“Do you understand what I have done for you?”
The humility of Jesus is best interpreted by Jesus himself. We resist the temptation to read into his action motives of our own. Jesus stripped down to wash the disciples’ feet but we cannot strip the text of its theological meaning. He removed his outer clothes, but we must not remove the inner meaning of his actions. Well-intentioned interpreters congratulate Jesus for being “the best manager and developer of human resources the world has ever seen.” They like what they see on the surface. They leverage the life of Jesus to make a practical point that has nothing to do with the atonement or the practice of discipleship.
Laurie Beth Jones in Jesus, CEO, presents Jesus as a leader who knew how to manage people. She claims that when Jesus washed the disciples’ feet, he set an example for his staff. He was creating a top-down corporate culture that showed the value of people. He showed them he cared. He believed in his team and he modeled success. When Laurie Beth Jones claims Jesus is the epitome of the Omega management style, she conjures up images of Fortune 500 executives who are winsome and savvy. She ignores the meaning of the cross.
Cynics see humility as a clever ploy to get their way, just another strategy for manipulating people, a weapon in the Machiavellian arsenal of domination. In House of Cards, Kevin Spacey plays Francis Underwood a ruthless Congressman who stops at nothing to conquer anything and everyone. In a scene back in his home district, Congressman Underwood fakes humble contrition before parents grieving the loss of their daughter. Underwood turns to the camera and says, “What you have to understand about my people is that they are a noble people. Humility is their form of pride. It is their strength. It is their weakness. And if you humble yourself before them they will do anything you ask.” Humility, like virtue can be perverted and used for evil purposes.
More than five hundred years ago Thomas à Kempis wrote The Imitation of Christ. His spiritual direction stressed the rigors of discipleship, the deceptiveness of self, and the lusts of the world. He challenged believers to cultivate an in-depth personal awareness of Christ. “Our chief pursuit,” wrote Kempis, “is to meditate upon the life of Jesus Christ.” Whoever “would fully and feelingly understand the words of Christ must endeavor to conform his whole life to Him.”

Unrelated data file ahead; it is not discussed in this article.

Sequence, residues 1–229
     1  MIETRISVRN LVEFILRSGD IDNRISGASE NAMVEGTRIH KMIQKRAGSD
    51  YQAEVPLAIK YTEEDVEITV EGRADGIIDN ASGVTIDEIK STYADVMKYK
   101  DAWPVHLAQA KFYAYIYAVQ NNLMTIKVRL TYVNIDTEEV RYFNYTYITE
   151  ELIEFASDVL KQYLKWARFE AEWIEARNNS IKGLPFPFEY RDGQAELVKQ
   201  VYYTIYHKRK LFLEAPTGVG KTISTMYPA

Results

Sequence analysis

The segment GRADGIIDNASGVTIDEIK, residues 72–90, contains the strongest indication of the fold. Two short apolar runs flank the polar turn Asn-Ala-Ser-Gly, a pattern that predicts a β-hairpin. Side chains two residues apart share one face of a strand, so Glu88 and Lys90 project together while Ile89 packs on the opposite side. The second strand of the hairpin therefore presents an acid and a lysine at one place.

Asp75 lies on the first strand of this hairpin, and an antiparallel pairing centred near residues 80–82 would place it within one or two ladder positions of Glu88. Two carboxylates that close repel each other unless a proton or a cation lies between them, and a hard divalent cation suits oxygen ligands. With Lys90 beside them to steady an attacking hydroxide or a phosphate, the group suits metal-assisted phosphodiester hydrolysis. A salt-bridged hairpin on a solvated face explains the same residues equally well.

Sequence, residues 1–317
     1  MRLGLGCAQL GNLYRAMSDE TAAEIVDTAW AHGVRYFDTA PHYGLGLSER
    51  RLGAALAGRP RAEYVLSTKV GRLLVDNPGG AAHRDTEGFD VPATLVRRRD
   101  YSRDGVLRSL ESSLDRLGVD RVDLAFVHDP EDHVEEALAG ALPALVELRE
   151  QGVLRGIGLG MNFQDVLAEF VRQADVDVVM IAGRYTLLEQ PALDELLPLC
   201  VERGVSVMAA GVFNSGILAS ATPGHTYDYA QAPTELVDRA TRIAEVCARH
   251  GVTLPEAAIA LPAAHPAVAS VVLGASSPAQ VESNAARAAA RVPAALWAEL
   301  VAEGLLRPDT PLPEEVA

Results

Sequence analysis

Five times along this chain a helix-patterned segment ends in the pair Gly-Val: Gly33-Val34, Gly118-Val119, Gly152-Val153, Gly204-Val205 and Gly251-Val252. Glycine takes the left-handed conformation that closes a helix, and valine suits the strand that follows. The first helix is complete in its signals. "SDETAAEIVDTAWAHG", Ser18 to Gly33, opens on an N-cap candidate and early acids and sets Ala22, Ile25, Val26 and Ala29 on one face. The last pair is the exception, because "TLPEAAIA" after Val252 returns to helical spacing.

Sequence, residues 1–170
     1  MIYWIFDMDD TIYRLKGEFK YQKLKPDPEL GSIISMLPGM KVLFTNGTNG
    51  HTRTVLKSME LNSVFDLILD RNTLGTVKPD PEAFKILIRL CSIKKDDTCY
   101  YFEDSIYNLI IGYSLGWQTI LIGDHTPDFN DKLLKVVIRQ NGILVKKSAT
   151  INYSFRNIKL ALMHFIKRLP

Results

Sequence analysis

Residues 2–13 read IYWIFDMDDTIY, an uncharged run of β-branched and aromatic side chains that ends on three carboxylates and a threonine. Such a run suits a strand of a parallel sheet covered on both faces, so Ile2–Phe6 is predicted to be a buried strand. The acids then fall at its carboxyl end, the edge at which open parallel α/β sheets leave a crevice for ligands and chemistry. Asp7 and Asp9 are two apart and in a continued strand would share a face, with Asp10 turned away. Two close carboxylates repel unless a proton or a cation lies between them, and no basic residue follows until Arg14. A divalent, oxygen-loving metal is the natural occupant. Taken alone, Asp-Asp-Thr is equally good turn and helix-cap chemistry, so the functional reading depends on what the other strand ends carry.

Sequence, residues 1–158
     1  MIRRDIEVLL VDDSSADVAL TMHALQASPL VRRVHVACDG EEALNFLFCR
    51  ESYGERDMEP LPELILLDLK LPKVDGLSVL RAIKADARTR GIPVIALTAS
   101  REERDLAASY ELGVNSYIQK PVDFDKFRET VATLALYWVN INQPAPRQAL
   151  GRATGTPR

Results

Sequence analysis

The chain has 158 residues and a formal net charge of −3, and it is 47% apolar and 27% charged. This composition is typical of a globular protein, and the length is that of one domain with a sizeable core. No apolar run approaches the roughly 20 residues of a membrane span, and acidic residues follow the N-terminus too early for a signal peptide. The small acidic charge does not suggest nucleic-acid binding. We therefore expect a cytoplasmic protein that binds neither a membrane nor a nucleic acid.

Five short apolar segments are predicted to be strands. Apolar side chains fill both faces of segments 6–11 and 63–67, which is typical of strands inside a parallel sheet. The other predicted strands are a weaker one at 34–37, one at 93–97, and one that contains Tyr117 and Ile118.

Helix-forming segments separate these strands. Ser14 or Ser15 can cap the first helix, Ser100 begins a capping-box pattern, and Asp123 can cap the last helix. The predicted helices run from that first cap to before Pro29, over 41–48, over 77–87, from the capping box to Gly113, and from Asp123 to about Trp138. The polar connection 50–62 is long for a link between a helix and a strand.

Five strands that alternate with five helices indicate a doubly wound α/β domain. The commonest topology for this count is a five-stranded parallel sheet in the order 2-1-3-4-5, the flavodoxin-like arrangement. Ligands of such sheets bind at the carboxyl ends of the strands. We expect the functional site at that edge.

Kempis goes a long way in distinguishing between spiritual “knock offs” and the true imitation of Christ. The Jesus model is best observed in humble saints who take up their cross daily even though it is out of sync with the success strategy of the world. Jesus warned, “What people value highly is detestable in God’s sight” (Luke 16:15).
Kempis understood the ubiquitous presence and providence of the cross. Foot-washing is the tangible expression of cross-bearing. And if daily cross-bearing begins with foot-washing it includes everything. Foot-washing is the metaphor for down-to-earth practical ministry. Jesus on bended knee in the upper room embodies the continuum of the cross, stretching from foot-washing to Calvary. Disciples go with Jesus’ interpretation. This is the truth echoed in Kempis’ devotional classic:
“The cross, therefore, is always ready; it awaits you everywhere. No matter where you may go, you cannot escape it, for wherever you go you take yourself with you and shall always find yourself. Turn where you will—above, below, without, or within—you will find a cross in everything, and everywhere you must have patience if you would have peace within and merit an eternal crown.”
Upper Room Reflection
Have you ever been inclined to think that deep discipleship belongs to others and not to yourself?
Why is it wrong to make Jesus out to be the model businessman?
How can humility be turned into a tool of the devil?
What does Kempis mean when he says that you can find a cross everywhere?
 Laurie Beth Jones, Jesus, CEO: Using Ancient Wisdom For Visionary Leadership (New York: Hyperion, 1995). Jones argues that Jesus’ approach to leadership is a cross between the Alpha management style, based on the masculine, authoritative use of power, and the Beta management style, based on the feminine, cooperative use of power. The Omega management style “incorporates and enhances them both.” xiii.
 Thomas à Kempis, The Imitation of Christ, trans. C. Bigg (London: Methuen, 1898), bk. 1, ch. 1, 45.
 Thomas a Kempis, Bk II:12. “The royal road of the holy cross”